CCS C Software and Maintenance Offers
FAQFAQ   FAQForum Help   FAQOfficial CCS Support   SearchSearch  RegisterRegister 

ProfileProfile   Log in to check your private messagesLog in to check your private messages   Log inLog in 

CCS does not monitor this forum on a regular basis.

Please do not post bug Reports on this forum. Send them to support@ccsinfo.com

Need help with Chinese Torque Sensor.
Goto page Previous  1, 2
 
Post new topic   Reply to topic    CCS Forum Index -> General CCS C Discussion
View previous topic :: View next topic  
Author Message
Ttelmah



Joined: 11 Mar 2010
Posts: 18060

View user's profile Send private message

PostPosted: Thu Dec 30, 2021 7:09 am     Reply with quote

You just put pictures on any of the free picture hosting sites, and post the
link here. Very Happy
rudy



Joined: 27 Apr 2008
Posts: 147

View user's profile Send private message Send e-mail MSN Messenger

PostPosted: Thu Dec 30, 2021 7:13 am     Reply with quote

Rsrsrsrs.

Will do it! Just wait for the part number!

Thank you!
temtronic



Joined: 01 Jul 2010
Posts: 8525
Location: Greensville,Ontario

View user's profile Send private message

PostPosted: Thu Dec 30, 2021 8:19 am     Reply with quote

This torque sensor unit could be a 'custom' unit, made for a specific client that specified the +-18 volt differential output, and has now found it's way onto the 'surplus' market.
There may or may not be a real RS-485 interface,pictures from all side would really help,or a link to the website where it was purchased.

Jay
rudy



Joined: 27 Apr 2008
Posts: 147

View user's profile Send private message Send e-mail MSN Messenger

PostPosted: Fri Jan 21, 2022 11:31 am     Reply with quote

Well, Ttelmah:

I had made tons of trying, but with the original design, using the 16F876A @4Mhz processor clock, it is too slow! So, I added a frequency divider, a simple one, using an ordinary CD4017, that improved a lot the 16F876A performance, because it seems to me that is not able to handle such 10kHz +-5kHz signal. Also tried the 16 rise edges CCP configuration, but also it is not a good solution, due to resolution lost.

At the end, I reassembled the circuit with an 18F26K22, and yes, the performance is strongly improved. It is able to handle the top most 15Khz signal, on each rising edge with no effort.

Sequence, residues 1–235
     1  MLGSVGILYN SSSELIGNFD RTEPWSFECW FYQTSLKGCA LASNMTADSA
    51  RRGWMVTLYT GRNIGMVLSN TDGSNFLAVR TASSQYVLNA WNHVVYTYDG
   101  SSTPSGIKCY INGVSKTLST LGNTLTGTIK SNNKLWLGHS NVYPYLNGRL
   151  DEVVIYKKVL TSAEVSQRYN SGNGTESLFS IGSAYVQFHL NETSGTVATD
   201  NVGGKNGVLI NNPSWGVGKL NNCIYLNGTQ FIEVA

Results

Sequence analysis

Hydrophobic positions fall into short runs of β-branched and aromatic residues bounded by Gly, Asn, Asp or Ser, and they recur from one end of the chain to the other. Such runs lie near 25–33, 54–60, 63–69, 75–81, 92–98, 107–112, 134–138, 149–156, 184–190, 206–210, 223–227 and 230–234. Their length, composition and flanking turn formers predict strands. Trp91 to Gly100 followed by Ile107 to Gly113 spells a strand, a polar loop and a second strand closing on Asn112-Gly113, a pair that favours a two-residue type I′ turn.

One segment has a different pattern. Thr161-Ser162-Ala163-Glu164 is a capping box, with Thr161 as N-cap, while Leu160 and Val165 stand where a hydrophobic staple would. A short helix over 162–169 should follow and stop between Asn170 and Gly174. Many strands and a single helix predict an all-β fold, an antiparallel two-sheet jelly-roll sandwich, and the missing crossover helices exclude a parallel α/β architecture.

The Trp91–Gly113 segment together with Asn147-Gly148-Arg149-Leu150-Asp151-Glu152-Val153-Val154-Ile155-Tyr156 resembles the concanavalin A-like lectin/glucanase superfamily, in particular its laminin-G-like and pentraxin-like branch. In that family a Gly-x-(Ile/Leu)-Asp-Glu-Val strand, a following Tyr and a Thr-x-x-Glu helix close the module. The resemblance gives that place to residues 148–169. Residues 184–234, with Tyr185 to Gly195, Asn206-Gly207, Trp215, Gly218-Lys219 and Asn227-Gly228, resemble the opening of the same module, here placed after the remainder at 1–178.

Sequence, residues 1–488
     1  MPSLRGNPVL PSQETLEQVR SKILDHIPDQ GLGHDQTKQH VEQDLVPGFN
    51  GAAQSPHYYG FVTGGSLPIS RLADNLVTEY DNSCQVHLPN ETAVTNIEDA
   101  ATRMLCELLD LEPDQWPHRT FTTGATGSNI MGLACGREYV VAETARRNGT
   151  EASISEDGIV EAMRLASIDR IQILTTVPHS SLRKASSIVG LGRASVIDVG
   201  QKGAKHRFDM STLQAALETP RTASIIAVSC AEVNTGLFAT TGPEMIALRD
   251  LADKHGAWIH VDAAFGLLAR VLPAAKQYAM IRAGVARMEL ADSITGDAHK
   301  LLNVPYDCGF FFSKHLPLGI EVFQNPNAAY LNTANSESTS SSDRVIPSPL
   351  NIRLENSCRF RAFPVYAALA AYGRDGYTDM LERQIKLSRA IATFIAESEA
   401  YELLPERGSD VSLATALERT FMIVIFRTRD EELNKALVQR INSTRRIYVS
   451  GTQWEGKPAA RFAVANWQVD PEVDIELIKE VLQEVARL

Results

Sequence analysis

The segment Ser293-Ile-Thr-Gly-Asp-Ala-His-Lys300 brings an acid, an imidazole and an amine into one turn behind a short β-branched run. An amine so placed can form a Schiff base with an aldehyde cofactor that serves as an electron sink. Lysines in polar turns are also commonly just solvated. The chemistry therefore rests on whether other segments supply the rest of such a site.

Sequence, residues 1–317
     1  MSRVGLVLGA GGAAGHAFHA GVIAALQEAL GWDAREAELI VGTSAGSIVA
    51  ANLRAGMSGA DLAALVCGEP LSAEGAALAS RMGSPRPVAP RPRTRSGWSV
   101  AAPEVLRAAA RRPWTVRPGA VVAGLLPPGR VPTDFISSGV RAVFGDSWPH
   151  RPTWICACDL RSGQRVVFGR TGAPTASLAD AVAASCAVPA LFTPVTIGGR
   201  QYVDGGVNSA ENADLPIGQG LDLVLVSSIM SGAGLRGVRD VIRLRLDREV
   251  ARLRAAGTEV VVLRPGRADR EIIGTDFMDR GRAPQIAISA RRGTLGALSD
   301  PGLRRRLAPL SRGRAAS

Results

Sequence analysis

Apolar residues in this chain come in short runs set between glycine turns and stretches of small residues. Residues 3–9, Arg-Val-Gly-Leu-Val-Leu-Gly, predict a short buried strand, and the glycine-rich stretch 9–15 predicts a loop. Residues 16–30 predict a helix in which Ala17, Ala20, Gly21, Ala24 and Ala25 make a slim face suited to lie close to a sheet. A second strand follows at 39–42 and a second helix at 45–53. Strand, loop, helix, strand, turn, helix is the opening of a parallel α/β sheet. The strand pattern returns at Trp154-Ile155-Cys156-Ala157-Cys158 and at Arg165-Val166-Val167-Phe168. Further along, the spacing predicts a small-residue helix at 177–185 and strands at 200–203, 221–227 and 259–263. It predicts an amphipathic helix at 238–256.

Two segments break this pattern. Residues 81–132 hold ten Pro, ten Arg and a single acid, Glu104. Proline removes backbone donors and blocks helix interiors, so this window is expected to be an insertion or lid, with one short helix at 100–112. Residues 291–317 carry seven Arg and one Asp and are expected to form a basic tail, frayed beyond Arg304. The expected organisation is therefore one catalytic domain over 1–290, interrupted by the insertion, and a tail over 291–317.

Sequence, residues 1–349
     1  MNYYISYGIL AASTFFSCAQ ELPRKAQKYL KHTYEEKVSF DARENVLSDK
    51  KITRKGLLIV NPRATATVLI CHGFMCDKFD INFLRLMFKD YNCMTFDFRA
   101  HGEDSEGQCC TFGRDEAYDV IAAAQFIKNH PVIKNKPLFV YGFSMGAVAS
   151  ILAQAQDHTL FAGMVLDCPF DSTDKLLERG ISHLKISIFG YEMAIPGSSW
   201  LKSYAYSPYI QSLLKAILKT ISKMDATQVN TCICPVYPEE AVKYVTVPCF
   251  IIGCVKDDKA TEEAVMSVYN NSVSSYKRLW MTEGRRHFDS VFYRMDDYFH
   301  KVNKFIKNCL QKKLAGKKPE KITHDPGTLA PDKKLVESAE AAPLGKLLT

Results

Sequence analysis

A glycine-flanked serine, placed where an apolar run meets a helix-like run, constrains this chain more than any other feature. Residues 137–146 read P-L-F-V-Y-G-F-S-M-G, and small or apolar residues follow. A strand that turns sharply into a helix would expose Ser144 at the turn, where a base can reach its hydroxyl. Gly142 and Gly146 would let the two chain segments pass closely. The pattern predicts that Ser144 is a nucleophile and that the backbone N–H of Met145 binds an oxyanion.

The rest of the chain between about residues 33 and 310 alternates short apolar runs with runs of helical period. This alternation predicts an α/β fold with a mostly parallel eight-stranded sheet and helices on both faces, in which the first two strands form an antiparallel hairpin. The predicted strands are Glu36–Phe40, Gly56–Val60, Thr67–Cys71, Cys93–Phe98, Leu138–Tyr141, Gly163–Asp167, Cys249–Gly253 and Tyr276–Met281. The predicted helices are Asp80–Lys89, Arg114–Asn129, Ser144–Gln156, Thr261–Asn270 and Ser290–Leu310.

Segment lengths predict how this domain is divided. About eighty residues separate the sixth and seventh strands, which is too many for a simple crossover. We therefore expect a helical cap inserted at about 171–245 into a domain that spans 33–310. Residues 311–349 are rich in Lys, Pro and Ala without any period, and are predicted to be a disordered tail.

Really seems to me to be a good choice!

I did the start code just to read the frequency output of the torque transducer, not the math yet (this is much easier once that the main “gears” are running well). So, my code is as below:
Code:

 #include <18F26K22.h>
#fuses NOWDT, NOFCMEN, NOIESO, NOCPD, NOPROTECT, NOLVP, NODEBUG, PUT, BROWNOUT, NOMCLR
#use DELAY(INTERNAL=64MHz)
#use I2C(MASTER, SDA=PIN_B0, SCL=PIN_B1)

#byte PORTA=0xF80
#byte PORTB=0xF81
#byte PORTC=0xF82
#byte PORTE=0xF84

//VARIÁVEIS DE SISTEMA
int PAGE=100, DPY=0, D1=8, D2=8, D3=8, D4=8, D5=8;
int FLGS0, AUXS0, AUXS1, CCP_AUX=0;
long PEEK=0, THSD=0, T1_TKS, CCP_RES;
int32 CCP_MEDIA;

//EEPROM ADRESSES
//0X00 -> RESERVED
//0X01 -> PEEK LSB
//0X02 -> PEEK MSB
//0X03 -> THSD LSB
//0X04 -> THSB MSB

#bit DGT1=porta.0
#bit DGT2=portc.1
#bit DGT3=porta.2
#bit DGT4=portc.0
#bit DGT5=porta.5
#bit SCK=portb.6
#bit RCK=portb.5
#bit LED0=portc.4

#bit STR=FLGS0.0
#bit EE_UPD=FLGS0.1
#bit CCP_RDY=FLGS0.2

int N_S[12]=
   {
   //ABCDEFGP
   0b00000011,  //0X00H - 0 - 0
   0b10011111,  //0X01H - 1 - 1
   0b00100101,  //OX02H - 2 - 2
   0b00001101,  //0X03H - 3 - 3
   0b10011001,  //0X04H - 4 - 4
   0b01001001,  //0X05H - 5 - 5
   0b01000001,  //0X06H - 6 - 6
   0b00011111,  //0X07H - 7 - 7
   0b00000001,  //0X08H - 8 - 8
   0b00001001,  //0X09H - 9 - 9
   0b00111001,  //0X0AH - º - 10
   0b11111111  //0X0BH - BLANK - 11
   };
void S_595(int NBR)
   {
   int i=0;
   if(STR)NBR=NBR&0b11111110;
   for(i=0;i<8;i++)
      {
      output_bit(PIN_B7,shift_right(&NBR,1,0));
      SCK=1;
      SCK=0;
      }
   RCK=1;
   }
void EE_WRT()
   {
   AUXS0=MAKE8(PEEK,0);
   WRITE_EEPROM(0X01,AUXS0); //0X01 -> PEEK LSB
   AUXS0=MAKE8(PEEK,1);
   WRITE_EEPROM(0X02,AUXS0); //0X02 -> PEEK MSB
   AUXS0=MAKE8(THSD,0);
   WRITE_EEPROM(0X03,AUXS0); //0X03 -> THSD LSB
   AUXS0=MAKE8(THSD,1);
   WRITE_EEPROM(0X04,AUXS0); //0X04 -> THSB MSB
   EE_UPD=0;
   }
void SEND_DATA(int ADDRESS, int CMMD, long VALUE)
   {
   i2c_start();
     i2c_write(ADDRESS); // I2C ADDRESS
     i2c_write(CMMD);      // COMMAND
     AUXS0=MAKE8(VALUE,0);